# Homework Help: Op-Amp/Band pass help

1. Mar 12, 2014

### cps.13

1. The problem statement, all variables and given/known data

I have an electronics project to design and build a band pass amp for my HNC. The only thing I have been given is it must use a uA741 or TL071 with an input imp greater than 1k and bandwidth between 200hz to 10khz. And gain must be 10db.

It is to be used in battery powered equipment.

2. Relevant equations

Part of the report write up is that I need to justify my choice of chip and use of either inverting or non-inverting.

3. The attempt at a solution

I have decided to use an inverting op amp setup as I can simply put a 1k resistor on the input and that is my input impedance sorted. Also makes calculating the gain easy!

I will use the TL071 as the output will not drop off at higher frequencies. The uA741 shows it will drop off at around 10kHz.

My problem is we have been taught nothing about a band pass amplifier/filter. So I am unsure if it makes any difference using a inverting/non-inverting setup?

I also intend to put a couple of variable resistors in before R1 and R2 to help get the gain as accurate as possible.

Any help is appreciated, if I am missing anything obvious could you point me in the right direction?

Thanks.

2. Mar 12, 2014

### Staff: Mentor

What order is your filter going to be? What polynomial are you going to use and why? What reading have you done about active opamp filters?

3. Mar 12, 2014

### psparky

Just off the top of my head without any research, I would use two inverting amps. Perhaps differentiator and a integretor in series. Set the RC constant at 200hz for the differentiator and set the RC constant for the low pass filter at 10Khz. Keep the first amp passive, make the second amp active.

Is your 10db gain a voltage gain or a power gain?

If trying to get a 10db gain in power, you will need your gain to be 10.
10^(db/10)= Power Gain.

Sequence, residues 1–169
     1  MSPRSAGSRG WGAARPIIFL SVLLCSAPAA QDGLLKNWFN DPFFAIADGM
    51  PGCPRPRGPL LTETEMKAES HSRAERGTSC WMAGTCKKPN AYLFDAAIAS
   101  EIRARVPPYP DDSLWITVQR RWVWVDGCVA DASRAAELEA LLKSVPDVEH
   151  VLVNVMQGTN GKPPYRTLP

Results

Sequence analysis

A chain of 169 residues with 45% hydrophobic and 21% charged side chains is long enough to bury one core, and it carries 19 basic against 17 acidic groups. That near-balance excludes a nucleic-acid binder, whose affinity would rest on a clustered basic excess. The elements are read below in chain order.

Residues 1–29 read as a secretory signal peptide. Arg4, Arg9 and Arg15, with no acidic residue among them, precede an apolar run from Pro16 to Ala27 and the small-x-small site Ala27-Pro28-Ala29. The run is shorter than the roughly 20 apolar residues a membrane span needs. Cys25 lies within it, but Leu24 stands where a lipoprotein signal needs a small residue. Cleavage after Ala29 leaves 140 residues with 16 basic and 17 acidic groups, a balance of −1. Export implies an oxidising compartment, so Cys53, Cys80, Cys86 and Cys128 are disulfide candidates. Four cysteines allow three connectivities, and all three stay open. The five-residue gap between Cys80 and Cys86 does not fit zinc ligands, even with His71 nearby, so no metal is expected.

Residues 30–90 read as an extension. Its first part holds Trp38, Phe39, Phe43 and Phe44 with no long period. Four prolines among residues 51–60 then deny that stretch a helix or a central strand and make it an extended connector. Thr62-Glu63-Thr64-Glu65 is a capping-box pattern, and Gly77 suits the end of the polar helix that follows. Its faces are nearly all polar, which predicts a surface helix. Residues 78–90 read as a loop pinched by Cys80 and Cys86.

10^(10/10)= 10
Or going backwards, 10 log 10= 10db

If trying to get a 10db gain in voltage, you will need your gain to be set at 3.16.
10^(db/20)= Voltage Gain.
10^(10/20)=3.16
Or going backwards, 20 log 3.16 = 10db

I'm not an expert on this, but perhaps a few of my comments will stear you in the right direction. You may be able to use just one amp to accomplish the same thing.

I don't think it makes a difference if you use a inverting or non-inverting as long as your transfer function meets your requirements. We generally used inverting amps for filters in school.

Last edited: Mar 12, 2014
4. Mar 12, 2014

### psparky

Just some food for thought....

Some times it pays to go back to the definition. Decibels are defined as:

dB=10Log(Po/Pi) Po=power out; Pi=power in.

When power is expressed as V2/R then: (where V2 means V squared)

Po=Vo2/RL and Pi= Vi2/Ri; when RL=Ri

dB=10log((Vo2/RL)/(Vi2/Ri)) since RL=RI the R's cancel and

dB=10log(Vo2/Vi2)=10log(Vo/Vi)2 since this a log function the square comes forward, and

dB=20log(Vo/Vi)

The are several variations of dB's, dBm in particular you should be familiar with.

To quote a well know author, "You should keep the original definition of the decibel firmly in
mind because it is of fundamental importance in many engineering applications."

5. Mar 12, 2014

### rude man

You can design a simple bandpass filter with 1 op amp, 2 resistors and 2 capacitors. Total.

The transfer function would be T1s/(T1s+1)(T2s+1) with T1 corresponding to 200 Hz and T2 to 10 KHz.

If you don't know laplace transforms, just substitute s = jw in the above transfer function.

I would use a higher input resistor than 1K ohm. Like 10K.

Since you want the gain to be 10 dB = 3.16, think Rf/Ri = 3.16.